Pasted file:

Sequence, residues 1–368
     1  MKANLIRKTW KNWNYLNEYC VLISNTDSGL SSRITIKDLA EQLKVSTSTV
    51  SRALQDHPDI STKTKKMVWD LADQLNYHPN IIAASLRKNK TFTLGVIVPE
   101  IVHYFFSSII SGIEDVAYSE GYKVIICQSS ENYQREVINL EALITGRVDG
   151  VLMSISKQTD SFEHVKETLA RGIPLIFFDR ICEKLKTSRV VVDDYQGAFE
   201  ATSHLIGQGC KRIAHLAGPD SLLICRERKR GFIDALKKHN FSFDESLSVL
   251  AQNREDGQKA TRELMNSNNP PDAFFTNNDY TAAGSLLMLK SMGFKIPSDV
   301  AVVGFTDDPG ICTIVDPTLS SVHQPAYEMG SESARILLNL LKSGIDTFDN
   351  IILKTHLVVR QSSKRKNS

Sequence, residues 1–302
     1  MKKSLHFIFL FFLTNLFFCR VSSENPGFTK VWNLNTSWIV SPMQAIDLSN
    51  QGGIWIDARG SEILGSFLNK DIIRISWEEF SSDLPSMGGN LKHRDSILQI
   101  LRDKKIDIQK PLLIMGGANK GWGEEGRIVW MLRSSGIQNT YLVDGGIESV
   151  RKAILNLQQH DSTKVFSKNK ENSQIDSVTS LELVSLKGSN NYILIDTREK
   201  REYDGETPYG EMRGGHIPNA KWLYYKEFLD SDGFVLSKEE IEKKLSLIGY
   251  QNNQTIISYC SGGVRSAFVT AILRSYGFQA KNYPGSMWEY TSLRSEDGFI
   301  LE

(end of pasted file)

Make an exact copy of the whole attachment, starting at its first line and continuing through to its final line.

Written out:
Sequence, residues 1–368
     1  MKANLIRKTW KNWNYLNEYC VLISNTDSGL SSRITIKDLA EQLKVSTSTV
    51  SRALQDHPDI STKTKKMVWD LADQLNYHPN IIAASLRKNK TFTLGVIVPE
   101  IVHYFFSSII SGIEDVAYSE GYKVIICQSS ENYQREVINL EALITGRVDG
   151  VLMSISKQTD SFEHVKETLA RGIPLIFFDR ICEKLKTSRV VVDDYQGAFE
   201  ATSHLIGQGC KRIAHLAGPD SLLICRERKR GFIDALKKHN FSFDESLSVL
   251  AQNREDGQKA TRELMNSNNP PDAFFTNNDY TAAGSLLMLK SMGFKIPSDV
   301  AVVGFTDDPG ICTIVDPTLS SVHQPAYEMG SESARILLNL LKSGIDTFDN
   351  IILKTHLVVR QSSKRKNS

Sequence, residues 1–302
     1  MKKSLHFIFL FFLTNLFFCR VSSENPGFTK VWNLNTSWIV SPMQAIDLSN
    51  QGGIWIDARG SEILGSFLNK DIIRISWEEF SSDLPSMGGN LKHRDSILQI
   101  LRDKKIDIQK PLLIMGGANK GWGEEGRIVW MLRSSGIQNT YLVDGGIESV
   151  RKAILNLQQH DSTKVFSKNK ENSQIDSVTS LELVSLKGSN NYILIDTREK
   201  REYDGETPYG EMRGGHIPNA KWLYYKEFLD SDGFVLSKEE IEKKLSLIGY
   251  QNNQTIISYC SGGVRSAFVT AILRSYGFQA KNYPGSMWEY TSLRSEDGFI
   301  LE